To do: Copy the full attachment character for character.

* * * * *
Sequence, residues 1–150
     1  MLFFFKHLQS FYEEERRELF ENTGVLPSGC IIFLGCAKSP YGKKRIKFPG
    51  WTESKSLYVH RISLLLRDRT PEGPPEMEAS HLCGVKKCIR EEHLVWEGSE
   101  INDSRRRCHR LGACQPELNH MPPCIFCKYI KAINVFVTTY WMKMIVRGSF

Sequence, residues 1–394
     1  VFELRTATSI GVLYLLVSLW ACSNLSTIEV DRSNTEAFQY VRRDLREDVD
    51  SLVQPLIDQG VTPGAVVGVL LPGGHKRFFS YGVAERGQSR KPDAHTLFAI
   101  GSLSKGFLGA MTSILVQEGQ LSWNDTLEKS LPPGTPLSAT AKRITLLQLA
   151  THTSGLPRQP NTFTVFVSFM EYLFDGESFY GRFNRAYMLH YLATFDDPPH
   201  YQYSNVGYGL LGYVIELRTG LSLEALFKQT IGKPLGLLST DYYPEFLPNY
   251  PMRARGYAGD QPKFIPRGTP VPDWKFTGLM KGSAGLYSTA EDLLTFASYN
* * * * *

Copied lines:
Sequence, residues 1–150
     1  MLFFFKHLQS FYEEERRELF ENTGVLPSGC IIFLGCAKSP YGKKRIKFPG
    51  WTESKSLYVH RISLLLRDRT PEGPPEMEAS HLCGVKKCIR EEHLVWEGSE
   101  INDSRRRCHR LGACQPELNH MPPCIFCKYI KAINVFVTTY WMKMIVRGSF

Sequence, residues 1–394
     1  VFELRTATSI GVLYLLVSLW ACSNLSTIEV DRSNTEAFQY VRRDLREDVD
    51  SLVQPLIDQG VTPGAVVGVL LPGGHKRFFS YGVAERGQSR KPDAHTLFAI
   101  GSLSKGFLGA MTSILVQEGQ LSWNDTLEKS LPPGTPLSAT AKRITLLQLA
   151  THTSGLPRQP NTFTVFVSFM EYLFDGESFY GRFNRAYMLH YLATFDDPPH
   201  YQYSNVGYGL LGYVIELRTG LSLEALFKQT IGKPLGLLST DYYPEFLPNY
   251  PMRARGYAGD QPKFIPRGTP VPDWKFTGLM KGSAGLYSTA EDLLTFASYN